Maintain a consistency of creative work and to try not and focus on where it may or may not lead. To compose, practice, and play (albeit on the Web) is an act of defiance.
I parked in the front bus lane and jogged up to the main office, tailing the building service manager, who smiled (I think) from behind his face mask and waved me in. As an instrumental director, I’ve spent plenty of time in my empty school building: quiet mornings before the sunrise for a marching band… Read more »
Nathalie Joachim’s exuberant, forward-looking attitude about music-making and her inspiring comments about how she came to follow her creative path still represent our collective future once we are able to get past the tragedy currently affecting all of our lives.
In the hopes that this can lead us toward a consensus about what might be best practices for how to deal with this extraordinary and unprecedented situation moving forward, we posed a series of seven questions to Alanna Maharajh Stone, Katherine Balch, Andrew Bliss, Fay Victor, Roger Weitz, Kate Nordstrum, and Ashley Bathgate.
Standing in the canyons (sometimes playing my flute), thinking of the people who have lived and who continue to live there, I felt the truth of Willa Cather’s assertion that “it made one feel an obligation to do one’s best.” Two years later, during the second season of the Grand Canyon Music Festival, we headed east out of Grand Canyon National Park, descending down from the Coconino plateau, past the Little Colorado River Gorge, towards the Navajo Nation, on our way to perform for the first time for students in Tuba City.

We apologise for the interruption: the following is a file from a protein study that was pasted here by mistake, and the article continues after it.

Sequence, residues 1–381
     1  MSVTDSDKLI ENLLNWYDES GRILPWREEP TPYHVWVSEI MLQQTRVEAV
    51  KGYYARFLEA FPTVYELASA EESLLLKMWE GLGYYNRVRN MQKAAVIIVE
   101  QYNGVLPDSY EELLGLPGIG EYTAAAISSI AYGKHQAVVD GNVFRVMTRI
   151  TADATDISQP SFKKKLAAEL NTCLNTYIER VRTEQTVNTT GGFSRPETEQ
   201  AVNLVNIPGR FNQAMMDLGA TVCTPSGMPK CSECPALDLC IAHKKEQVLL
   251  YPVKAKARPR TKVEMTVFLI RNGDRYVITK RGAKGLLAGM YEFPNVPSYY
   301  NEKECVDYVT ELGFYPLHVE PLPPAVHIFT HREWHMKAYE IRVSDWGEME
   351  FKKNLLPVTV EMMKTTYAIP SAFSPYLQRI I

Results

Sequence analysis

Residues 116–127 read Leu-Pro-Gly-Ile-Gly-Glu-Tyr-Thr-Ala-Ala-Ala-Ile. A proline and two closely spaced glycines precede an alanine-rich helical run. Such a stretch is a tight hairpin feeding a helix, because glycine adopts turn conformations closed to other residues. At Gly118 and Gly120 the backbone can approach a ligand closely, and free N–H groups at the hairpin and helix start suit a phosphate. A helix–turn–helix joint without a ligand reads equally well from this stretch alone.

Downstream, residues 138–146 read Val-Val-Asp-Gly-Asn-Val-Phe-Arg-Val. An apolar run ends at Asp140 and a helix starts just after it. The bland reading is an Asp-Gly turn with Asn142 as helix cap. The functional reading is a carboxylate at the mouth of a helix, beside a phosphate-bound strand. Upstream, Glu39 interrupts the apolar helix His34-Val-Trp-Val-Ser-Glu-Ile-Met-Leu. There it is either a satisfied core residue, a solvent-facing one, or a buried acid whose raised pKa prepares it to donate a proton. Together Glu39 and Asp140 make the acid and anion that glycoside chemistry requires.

If you read my “Performing Microtonal Choral Music” articles earlier this year, you may remember that I threatened to post some video of my most recent choral and orchestral piece after its premiere. I am hereby making good on this threat.
Although Viet Cuong’s compositional output began with works for wind ensemble, he has branched out into numerous other mediums including chamber and orchestral music.
The ASCAP Foundation has announced the 20 recipients and 3 honorable mentions of the 2020 Herb Alpert Young Jazz Composer Awards. The recipients, who receive cash awards, range in age from 17 to 28.
Many of us have feelings about what is true, beautiful, or good in music which match the fervor most people hold only for politics or religion. I know I have on occasion felt viscerally offended by “bad” music. Soberly considered, such reactions make no sense. It’s just sound.
Why did you start writing music? Now, what do you hope to accomplish? This year? This decade? By the end of your life? In response to these questions, you might envision your music’s success according to a variety of measures: The awards, press, and publicity it receives. The size of audiences it attracts. The money… Read more »
Are our venues and arts institutions (whether for profit or non-profit) free to do as they please, or do they bear some level of obligation/duty to the communities in which they reside? If art venues and institutions abandon their vital role within the arts scene/ecosystem, leaving the next wave of creative young nest-less, what will that mean for the arts overall in the next twenty years?